English-Only Policies in California Are Tough to Justify

Strict regulations took effect in July

By Toni Vranjes October 11, 2018

California employers need to make sure they're complying with strict new regulations governing English-only policies and national-origin discrimination.

The state Fair Employment and Housing Council's new rules, which took effect in July, prohibit English-only workplace policies unless strict conditions are met. Among other things, the regulations also:

  • Prohibit discrimination based on a person's accent, unless the employer can show that the accent materially interferes with the person's ability to do the job.
  • Ban discrimination based on English proficiency, unless an employer can show that there's a business necessity for an English proficiency requirement.
  • Prohibit employers from basing hiring decisions on national origin or assigning people to positions or facilities based on national origin, unless they can justify the decision with a valid defense.
  • Offer protections for undocumented workers by stating that employers that threaten to contact immigration authorities may be engaging in harassment or retaliation.
  • Broaden the definition of national origin.

Employers should update their anti-discrimination and other workplace policies, ensure that any English-only policies adhere to the new regulations, and educate employees and supervisors about the new rules.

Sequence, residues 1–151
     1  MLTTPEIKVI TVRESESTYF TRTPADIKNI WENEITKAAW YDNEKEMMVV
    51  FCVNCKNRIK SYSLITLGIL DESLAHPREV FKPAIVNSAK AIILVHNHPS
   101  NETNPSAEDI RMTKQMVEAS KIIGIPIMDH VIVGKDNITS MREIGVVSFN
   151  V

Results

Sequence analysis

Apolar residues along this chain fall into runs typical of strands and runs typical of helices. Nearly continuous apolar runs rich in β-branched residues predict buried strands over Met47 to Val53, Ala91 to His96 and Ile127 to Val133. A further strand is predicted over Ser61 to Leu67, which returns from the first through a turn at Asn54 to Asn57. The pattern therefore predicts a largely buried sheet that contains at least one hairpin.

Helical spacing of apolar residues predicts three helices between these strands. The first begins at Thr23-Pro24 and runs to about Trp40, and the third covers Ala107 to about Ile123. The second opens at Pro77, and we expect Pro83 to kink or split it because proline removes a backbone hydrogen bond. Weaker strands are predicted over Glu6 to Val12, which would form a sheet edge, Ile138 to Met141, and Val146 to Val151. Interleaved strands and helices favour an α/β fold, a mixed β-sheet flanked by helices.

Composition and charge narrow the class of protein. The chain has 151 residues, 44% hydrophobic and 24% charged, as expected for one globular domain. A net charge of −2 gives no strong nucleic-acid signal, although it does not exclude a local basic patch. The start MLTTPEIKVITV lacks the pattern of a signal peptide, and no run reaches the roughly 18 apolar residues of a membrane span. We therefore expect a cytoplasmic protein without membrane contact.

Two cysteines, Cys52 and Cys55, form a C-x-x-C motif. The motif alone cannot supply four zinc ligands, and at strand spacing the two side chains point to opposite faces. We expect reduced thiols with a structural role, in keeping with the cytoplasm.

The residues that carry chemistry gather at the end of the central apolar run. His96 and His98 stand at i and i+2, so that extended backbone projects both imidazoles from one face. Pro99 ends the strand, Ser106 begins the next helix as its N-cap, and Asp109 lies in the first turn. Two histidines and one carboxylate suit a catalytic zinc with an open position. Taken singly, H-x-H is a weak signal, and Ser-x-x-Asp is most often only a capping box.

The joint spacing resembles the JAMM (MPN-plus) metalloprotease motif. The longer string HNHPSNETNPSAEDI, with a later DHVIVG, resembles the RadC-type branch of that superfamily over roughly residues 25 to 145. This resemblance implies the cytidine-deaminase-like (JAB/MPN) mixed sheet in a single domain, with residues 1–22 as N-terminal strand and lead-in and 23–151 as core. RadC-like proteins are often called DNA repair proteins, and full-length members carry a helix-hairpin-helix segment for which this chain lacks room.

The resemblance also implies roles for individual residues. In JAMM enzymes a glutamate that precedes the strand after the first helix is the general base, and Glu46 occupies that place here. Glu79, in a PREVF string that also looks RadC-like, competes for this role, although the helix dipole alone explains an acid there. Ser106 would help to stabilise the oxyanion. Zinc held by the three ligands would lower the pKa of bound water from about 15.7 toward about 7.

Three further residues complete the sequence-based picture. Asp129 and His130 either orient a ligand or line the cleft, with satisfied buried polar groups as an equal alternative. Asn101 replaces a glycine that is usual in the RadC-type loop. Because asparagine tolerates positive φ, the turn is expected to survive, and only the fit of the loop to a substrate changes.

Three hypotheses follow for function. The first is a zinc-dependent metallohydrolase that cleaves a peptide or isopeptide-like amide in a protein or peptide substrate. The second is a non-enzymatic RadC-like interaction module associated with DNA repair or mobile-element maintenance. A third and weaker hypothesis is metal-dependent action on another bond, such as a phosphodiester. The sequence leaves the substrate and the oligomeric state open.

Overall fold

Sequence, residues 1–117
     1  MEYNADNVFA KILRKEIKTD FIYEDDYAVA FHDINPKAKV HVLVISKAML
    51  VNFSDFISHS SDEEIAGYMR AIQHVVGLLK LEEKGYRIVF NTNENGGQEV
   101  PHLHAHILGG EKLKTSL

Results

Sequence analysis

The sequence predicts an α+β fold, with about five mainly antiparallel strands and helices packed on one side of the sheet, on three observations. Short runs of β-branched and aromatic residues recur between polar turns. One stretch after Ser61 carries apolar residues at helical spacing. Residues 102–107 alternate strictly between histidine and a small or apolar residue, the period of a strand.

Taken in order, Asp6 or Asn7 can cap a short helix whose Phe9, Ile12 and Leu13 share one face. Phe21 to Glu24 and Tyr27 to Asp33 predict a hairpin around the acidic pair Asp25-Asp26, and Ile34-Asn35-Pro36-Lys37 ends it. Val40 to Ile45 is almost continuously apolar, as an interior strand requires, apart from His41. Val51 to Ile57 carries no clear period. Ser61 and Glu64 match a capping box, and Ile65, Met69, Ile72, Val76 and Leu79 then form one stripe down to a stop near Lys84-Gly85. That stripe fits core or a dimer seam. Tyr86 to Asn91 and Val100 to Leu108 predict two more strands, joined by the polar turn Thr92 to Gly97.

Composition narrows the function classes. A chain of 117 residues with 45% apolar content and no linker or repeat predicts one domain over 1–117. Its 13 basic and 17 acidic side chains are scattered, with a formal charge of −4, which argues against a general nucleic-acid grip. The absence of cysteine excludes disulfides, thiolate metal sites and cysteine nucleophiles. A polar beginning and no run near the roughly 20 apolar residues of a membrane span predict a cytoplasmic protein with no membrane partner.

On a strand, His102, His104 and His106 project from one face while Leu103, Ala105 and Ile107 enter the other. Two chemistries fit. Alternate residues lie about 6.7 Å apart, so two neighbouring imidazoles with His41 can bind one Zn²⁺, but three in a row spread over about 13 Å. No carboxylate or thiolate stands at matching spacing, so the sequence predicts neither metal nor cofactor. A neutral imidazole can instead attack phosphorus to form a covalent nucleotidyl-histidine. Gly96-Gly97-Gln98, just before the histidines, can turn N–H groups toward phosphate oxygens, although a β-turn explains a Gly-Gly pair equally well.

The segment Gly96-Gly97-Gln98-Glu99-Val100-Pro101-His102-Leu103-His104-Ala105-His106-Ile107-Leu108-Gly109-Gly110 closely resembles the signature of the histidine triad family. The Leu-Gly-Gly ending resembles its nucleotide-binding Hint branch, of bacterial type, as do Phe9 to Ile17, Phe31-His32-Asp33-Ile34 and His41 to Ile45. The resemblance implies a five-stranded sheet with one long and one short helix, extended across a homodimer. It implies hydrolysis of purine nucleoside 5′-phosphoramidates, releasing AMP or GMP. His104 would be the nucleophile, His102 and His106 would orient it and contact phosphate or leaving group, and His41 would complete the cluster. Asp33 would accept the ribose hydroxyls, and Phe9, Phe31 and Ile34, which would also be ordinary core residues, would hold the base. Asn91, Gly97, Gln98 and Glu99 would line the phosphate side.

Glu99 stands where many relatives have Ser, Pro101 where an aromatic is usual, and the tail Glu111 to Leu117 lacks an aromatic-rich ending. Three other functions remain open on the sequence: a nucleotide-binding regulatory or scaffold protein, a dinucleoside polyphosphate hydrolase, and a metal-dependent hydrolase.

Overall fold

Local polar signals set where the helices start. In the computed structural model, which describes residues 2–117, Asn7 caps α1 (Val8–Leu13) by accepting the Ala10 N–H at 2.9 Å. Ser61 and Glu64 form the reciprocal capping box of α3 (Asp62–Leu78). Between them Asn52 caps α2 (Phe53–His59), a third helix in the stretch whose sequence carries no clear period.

Business Necessity

Compared to the previous rules, the new regulations include more restrictions on when English-only policies are allowed. Because of this, there are only very limited situations in which employers can have these policies, attorneys said.

The new rules state that it's unlawful for an employer to have an English-only policy unless:

  • It is justified by business necessity.
  • It is narrowly tailored.
  • The employer has informed workers about the specific details of its policy.

To demonstrate business necessity, the employer must prove that:

  • The language requirement is needed to safely and efficiently operate the business.
  • The language requirement effectively fulfills the purpose it's intended to serve.
  • There is no alternative practice that would accomplish the purpose equally well with a less discriminatory impact.

Additionally, English-only mandates can never be imposed during breaks and other off-duty times. "The new regulations make it clear that customer preference, or ease of communication with the customer, is not a legitimate reason for having an English-only policy," said Sahara Pynes, an attorney with Fox Rothschild in Los Angeles.

So when might an English-only policy be justified? Kelly Scott, an attorney with Ervin Cohen & Jessup in Beverly Hills, said one example might be when workers operate heavy equipment on an assembly line that requires a supervisor's close oversight. The employer might have an English-only rule to ensure that everyone understands what's being communicated so that no one is injured.

Scott noted that companies must show that the English-only policy is necessary for safety and efficiency. "For right now, I think safety is what I would advise employers to focus on," he said.